Singapore Government Initiates Plan To Increase Gaming Revenue In 2012
The Singapore government has initiated a few changes to its economic blueprint early this year to increase the country’s gaming revenue and to speed up its plan of becoming the world’s second largest gaming destination. These changes involve a review of the Singapore Gaming Act to mitigate gaming activities and promote responsible gambling among its citizens as well as establish partnerships with junket operators.
“There are elements that pertain to overall security and crime aspect, and there are elements pertaining to the social aspects which we need to look at,” trade and industry second minister S. Iswaran told the Singapore media.
Results of the review of the Singapore Gaming Act will be released during the second half of the year. Changes to the Act are intended to ringfence its integrated resorts from organized crime activities and illegal junkets.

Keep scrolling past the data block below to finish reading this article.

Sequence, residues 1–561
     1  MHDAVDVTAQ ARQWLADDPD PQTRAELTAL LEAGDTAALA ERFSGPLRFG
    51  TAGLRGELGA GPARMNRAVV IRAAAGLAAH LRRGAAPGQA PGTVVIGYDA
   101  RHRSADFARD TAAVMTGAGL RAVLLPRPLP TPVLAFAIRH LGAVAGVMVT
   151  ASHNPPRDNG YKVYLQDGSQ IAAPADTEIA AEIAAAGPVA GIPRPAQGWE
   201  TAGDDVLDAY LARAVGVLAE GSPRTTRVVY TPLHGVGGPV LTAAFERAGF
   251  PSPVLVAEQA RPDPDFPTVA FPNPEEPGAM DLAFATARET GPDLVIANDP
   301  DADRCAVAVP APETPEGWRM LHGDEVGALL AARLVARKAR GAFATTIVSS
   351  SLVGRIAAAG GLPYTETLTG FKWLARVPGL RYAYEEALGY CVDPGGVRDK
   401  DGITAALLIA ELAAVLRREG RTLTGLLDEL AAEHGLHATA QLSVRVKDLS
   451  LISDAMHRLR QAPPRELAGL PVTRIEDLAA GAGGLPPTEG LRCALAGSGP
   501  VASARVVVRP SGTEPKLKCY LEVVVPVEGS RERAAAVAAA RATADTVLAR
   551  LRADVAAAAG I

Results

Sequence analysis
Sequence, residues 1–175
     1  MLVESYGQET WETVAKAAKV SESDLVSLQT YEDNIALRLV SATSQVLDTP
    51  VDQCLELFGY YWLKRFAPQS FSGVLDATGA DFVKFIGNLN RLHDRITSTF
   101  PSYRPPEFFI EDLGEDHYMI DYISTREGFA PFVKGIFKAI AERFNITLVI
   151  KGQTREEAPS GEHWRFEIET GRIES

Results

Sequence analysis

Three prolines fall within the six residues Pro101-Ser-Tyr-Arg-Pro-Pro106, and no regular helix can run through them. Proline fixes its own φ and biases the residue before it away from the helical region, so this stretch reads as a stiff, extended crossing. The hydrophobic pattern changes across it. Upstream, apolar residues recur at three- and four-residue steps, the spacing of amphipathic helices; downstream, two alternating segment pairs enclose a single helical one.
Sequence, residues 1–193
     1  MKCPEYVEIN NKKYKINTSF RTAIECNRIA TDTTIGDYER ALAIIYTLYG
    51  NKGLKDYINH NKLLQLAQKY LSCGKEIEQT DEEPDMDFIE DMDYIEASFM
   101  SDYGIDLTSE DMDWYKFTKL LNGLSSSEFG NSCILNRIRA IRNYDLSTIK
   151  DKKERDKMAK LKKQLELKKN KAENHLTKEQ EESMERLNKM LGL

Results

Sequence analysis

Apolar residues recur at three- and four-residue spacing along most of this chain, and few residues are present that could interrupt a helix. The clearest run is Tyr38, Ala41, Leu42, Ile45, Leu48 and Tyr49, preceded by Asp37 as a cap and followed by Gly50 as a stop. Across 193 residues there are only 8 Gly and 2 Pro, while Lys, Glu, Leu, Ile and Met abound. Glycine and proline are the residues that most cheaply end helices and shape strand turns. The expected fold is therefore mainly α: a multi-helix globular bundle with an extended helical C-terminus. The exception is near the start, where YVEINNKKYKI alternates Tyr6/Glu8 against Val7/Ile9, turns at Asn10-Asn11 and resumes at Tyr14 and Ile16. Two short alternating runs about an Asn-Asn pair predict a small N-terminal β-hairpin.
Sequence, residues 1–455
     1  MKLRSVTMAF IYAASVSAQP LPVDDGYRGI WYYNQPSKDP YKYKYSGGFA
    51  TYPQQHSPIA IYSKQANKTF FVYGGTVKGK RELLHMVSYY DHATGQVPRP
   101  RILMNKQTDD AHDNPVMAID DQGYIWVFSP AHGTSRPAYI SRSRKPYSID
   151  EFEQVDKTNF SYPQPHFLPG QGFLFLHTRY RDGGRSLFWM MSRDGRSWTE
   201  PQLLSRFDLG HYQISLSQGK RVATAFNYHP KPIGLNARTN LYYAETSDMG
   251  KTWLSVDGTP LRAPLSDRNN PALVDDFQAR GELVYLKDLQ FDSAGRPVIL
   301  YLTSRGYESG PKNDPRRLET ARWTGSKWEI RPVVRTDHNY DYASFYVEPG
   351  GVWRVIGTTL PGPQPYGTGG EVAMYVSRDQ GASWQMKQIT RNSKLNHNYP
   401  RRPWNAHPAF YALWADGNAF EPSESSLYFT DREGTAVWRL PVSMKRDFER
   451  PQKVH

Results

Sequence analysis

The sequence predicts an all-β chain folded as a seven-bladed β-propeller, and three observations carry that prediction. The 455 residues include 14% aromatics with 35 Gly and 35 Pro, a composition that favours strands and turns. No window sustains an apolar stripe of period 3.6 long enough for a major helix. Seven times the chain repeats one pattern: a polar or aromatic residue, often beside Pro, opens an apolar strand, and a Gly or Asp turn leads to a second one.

The Singapore government has been regulating the nascent gaming industry of the country since its inception in 2010. Citizens are required to pay a levy of SG$100 to be permitted to gamble inside casinos for 24 hours.
“When we introduced the integrated resorts in Singapore, the casinos were a small part of a larger project and there were several non-economic contributions we were expecting from them. Now we’ve seen the evolution of that whether it is in terms of job creation, economic value, and so on,” said Iswaran.
Singapore has been poised to become the second gaming mecca in Asia and is seen to outstrip Las Vegas in terms of revenue. Last year, its two IRs, Resorts World Sentosa and Marina Bay Sands, earned a combined generated income of US$5.7 billion, over 80 percent of the total revenue of 55 Las Vegas casinos combined. The IRs income is projected to increase to US$6.9 billion this year.
Singapore has also recently partnered up with junket operators (also known as International Market Agents) who can increase the business volume of the IRs by luring in more players, especially high rollers, to the casinos.
Singapore is still far from taking over Macau as the top gaming destination in the world with the latter earning a whopping US$33.5 billion in revenues in 2011.